We might be curious about why someone might feel suicidal or want to harm themselves, we might want to know what it feels like to see or hear things and what taking medication is like. But we have brushed these kinds of topics under the carpet and instead focused on the more palatable wellbeing topics like anxiety, insomnia and depression. These are still important themes but we need to build on the openness they have created and embrace the opportunity to address some of the diagnosis like Bipolar, Borderline Personality Disorder and schizophrenia. These are still loaded with misconceptions and inaccuracies. For those with lived experience who are comfortable sharing their story now is the time to embrace the opportunity to share these experiences in a safer landscape and make a real difference.
These days my lived experience is also an opportunity to encourage hope, I have been extremely unwell, and not for a short bout or a blip but for a sustained period of several years. I have had significant psychiatric input and have been unemployed for the duration. But here I am, incredibly grateful for the the things I have and have worked hard for. I am in a job I love that I probably would not have stumbled into had it not been for my lived experience, I have a lovely flat, a stable relationship, and amazing friends and family. Lots of people have these things but the battle I’ve undertaken to grab them makes them all the more meaningful. My very existence is testament to the possibility that you can come out of the darkest times, bruised and not without ongoing maintenance, but here and well all the same.
For those who have lived experience and are comfortable sharing we should do so. This is harder in different settings; we all know someone who opened up at work only to find they were treated differently or was hung up on in an interview when they revealed their challenges (o yeah, true story). We also know of people whose new relationships were ended when they revealed their diagnosis or whose friends stepped back when they told them they were struggling. But without information these kinds of situations will continue. If your friend, partner or workplace are educated in what it means to have lived experience and the value it brings hopefully we can change the conversation.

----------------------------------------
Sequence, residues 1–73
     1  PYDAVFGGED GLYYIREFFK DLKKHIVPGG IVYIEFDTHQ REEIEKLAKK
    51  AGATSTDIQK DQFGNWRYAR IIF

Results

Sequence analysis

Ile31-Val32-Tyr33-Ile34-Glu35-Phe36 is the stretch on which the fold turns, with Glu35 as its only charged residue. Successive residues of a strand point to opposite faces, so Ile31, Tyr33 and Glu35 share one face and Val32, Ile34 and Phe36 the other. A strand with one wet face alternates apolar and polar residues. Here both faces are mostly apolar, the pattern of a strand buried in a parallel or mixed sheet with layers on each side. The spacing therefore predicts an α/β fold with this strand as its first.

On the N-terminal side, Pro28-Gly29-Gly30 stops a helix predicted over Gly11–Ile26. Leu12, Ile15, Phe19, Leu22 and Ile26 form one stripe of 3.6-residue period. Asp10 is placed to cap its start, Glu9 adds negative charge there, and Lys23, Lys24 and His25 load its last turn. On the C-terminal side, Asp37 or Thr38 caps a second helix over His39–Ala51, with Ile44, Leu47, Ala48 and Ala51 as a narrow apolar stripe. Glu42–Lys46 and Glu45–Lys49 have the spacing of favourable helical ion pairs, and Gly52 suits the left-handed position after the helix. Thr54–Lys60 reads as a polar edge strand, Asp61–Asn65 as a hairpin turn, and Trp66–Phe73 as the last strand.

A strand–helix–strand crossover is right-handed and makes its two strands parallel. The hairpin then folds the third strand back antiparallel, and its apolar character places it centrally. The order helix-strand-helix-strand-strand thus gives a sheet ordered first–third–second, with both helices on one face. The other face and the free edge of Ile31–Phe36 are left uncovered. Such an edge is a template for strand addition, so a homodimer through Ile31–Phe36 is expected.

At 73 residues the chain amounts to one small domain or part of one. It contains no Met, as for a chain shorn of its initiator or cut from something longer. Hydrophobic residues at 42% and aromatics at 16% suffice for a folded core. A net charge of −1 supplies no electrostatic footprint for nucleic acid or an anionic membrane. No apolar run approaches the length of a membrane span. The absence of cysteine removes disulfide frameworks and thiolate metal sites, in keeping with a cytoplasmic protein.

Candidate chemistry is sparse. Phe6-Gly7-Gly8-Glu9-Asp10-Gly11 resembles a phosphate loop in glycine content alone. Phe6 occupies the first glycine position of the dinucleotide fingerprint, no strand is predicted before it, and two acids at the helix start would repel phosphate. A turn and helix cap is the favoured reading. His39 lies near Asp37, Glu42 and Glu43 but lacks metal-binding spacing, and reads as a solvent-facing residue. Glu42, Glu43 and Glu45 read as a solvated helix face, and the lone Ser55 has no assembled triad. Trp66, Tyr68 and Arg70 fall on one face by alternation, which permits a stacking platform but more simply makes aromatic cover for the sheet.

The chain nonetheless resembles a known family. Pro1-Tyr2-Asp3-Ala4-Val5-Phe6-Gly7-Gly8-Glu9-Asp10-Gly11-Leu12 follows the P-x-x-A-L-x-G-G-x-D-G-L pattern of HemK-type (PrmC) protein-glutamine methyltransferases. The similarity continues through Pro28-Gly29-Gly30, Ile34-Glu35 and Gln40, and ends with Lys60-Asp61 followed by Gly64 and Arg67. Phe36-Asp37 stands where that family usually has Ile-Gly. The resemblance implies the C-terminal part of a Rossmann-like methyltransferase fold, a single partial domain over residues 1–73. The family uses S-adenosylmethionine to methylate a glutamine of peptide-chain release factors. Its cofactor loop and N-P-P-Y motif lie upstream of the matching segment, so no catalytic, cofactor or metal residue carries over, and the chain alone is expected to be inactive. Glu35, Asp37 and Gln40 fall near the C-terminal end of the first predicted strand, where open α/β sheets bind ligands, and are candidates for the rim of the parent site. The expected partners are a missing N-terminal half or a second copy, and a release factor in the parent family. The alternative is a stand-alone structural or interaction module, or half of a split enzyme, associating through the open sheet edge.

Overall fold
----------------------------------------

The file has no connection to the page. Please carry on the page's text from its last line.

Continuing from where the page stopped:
For those without lived experience there are things you too can do to make a change. Create a safe space for someone to share, ask questions if appropriate or do some research (Mind are a great resource). Not having lived experience is one thing but choosing not to learn is another. Now is the perfect time to do this, it’s Mental Health Awareness Week and we are largely sat at home in pjs, you literally have nothing else to do. So lets really embrace Mental Health Awareness week and change the conversation to one of hope and learning.